Home | Contact Us | Facebook | Subscribe | Advertise
The Noblesville Times 24-7
  • Hearing Trouble?
    12/10/2019 A patient whose mother is having hearing difficulties asked me to write about the best way to purchase hearing aids. I’d like to begin with some background on hearing.
  • 11/19/2019 This week I’d like to write about a problem that costs taxpayers billions of dollars each year – Medicare fraud and abuse. Medicare paid out $582 billion in payments for services and medications in 2018, accounting for 14% of the federal budget. The Office of Management and Budget (OMB) reports that 8.12% of those payments were “improper,” meaning the services were not necessary, did not meet Medicare guidelines, or were downright fraudulent (a decrease from 9.51% in 2017).
  • 11/12/2019 This week I want to address a specific variant of a condition that I’ve been seeing a lot of lately – dizziness. Primary Care doctors in the U.S. see about six million patients a year with dizziness. 
  • 11/5/2019 Someone told me the other day that they thought “restless leg syndrome” (RLS) was a conspiracy created by pharmaceutical companies to sell more medications. You may have seen the commercials for Requip® and Mirapex®, both drugs used to treat this condition.
    People have described symptoms suggestive of restless legs since the 17th Century. The Swedish neurologist Erik Ekborn initially coined the term in the 1940’s. We estimate that between ten to fifteen percent of Americans suffer from restless leg syndrome to some degree. The incidence in women is about twice that of men. About 40 percent of people develop symptoms prior to age twenty. Since symptoms tend to be mild initially and worsen with age, most sufferers are not diagnosed for 10 to 20 years after they start having symptoms.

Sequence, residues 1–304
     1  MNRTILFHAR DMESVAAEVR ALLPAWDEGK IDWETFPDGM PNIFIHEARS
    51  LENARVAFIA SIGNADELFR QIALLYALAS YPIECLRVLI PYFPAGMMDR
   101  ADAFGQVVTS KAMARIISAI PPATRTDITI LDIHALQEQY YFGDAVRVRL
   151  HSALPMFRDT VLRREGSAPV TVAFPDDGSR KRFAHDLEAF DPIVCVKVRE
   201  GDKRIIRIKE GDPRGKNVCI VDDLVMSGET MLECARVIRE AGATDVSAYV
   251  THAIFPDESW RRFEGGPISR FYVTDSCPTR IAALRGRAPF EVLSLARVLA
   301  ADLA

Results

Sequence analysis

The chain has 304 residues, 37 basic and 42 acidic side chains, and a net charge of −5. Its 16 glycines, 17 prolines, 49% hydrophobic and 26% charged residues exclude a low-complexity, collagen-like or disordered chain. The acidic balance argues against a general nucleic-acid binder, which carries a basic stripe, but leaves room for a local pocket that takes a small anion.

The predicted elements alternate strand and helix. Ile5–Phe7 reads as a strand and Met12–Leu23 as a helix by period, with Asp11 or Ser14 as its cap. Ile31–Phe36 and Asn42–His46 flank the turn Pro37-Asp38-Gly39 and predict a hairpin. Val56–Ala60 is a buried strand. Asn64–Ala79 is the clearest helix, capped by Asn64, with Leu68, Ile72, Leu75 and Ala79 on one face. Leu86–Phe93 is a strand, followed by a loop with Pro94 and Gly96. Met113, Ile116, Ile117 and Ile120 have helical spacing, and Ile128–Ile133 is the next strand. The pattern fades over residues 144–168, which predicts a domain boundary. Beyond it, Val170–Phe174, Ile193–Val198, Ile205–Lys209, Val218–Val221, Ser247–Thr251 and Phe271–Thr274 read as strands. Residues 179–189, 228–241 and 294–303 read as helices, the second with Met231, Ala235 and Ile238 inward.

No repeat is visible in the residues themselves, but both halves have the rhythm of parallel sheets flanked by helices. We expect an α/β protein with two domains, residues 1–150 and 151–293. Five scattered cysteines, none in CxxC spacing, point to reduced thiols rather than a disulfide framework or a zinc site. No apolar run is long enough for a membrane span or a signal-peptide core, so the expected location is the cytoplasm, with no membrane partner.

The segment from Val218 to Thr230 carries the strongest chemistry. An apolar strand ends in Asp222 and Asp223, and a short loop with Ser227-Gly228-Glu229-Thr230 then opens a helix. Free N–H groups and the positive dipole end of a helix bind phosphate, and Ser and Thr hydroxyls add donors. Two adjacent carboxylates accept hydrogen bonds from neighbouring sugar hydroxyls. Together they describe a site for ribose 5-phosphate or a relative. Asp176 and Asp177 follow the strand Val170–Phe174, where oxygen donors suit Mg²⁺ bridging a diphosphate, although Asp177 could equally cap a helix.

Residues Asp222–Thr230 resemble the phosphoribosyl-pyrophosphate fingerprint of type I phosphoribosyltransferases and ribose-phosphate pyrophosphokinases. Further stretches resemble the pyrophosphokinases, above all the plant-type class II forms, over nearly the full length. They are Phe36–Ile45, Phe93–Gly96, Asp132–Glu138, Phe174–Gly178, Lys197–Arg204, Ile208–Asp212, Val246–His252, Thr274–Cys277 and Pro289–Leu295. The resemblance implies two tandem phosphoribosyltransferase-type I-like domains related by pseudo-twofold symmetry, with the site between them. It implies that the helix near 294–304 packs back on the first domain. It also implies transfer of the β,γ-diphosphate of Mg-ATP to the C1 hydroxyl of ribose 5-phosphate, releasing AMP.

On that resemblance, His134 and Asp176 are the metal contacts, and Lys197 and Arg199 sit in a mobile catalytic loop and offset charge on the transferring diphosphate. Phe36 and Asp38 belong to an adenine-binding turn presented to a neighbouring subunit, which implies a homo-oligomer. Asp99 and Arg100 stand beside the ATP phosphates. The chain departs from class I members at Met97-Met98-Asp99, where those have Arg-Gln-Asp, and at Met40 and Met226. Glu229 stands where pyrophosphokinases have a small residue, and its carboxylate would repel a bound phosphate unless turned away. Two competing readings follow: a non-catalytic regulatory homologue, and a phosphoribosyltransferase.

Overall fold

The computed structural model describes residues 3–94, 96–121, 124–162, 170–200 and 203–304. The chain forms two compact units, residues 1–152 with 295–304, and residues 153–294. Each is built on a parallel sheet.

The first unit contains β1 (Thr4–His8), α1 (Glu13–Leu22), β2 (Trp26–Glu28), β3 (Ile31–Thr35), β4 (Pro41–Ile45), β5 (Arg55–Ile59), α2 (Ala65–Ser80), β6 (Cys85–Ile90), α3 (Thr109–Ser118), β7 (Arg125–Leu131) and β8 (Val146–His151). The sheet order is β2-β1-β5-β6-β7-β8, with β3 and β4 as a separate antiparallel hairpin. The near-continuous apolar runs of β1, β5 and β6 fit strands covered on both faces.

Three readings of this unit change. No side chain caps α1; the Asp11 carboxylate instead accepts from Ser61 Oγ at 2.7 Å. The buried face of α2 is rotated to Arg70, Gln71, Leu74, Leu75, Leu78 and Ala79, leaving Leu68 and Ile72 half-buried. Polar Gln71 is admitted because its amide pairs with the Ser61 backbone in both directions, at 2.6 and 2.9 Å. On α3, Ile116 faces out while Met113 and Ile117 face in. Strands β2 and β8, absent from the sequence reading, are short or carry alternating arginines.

The symptoms of RLS are highly variable, but most people describe a bothersome, irresistible urge to move their legs. This urge is worse during periods of inactivity and often interferes with sleep. About 85 percent of sufferers have difficulty falling asleep. Stress and fatigue can also exacerbate the symptoms.
  • 10/30/2019 I’m starting to see a few cases of head lice now that kids have been in school awhile. The critters are white and about the size of a sesame seed. They are known as "obligate ectoparasites." Obligate means they require a placental mammal host to survive (i.e. humans) and ectoparasites means they live outside the human body and need a host to survive.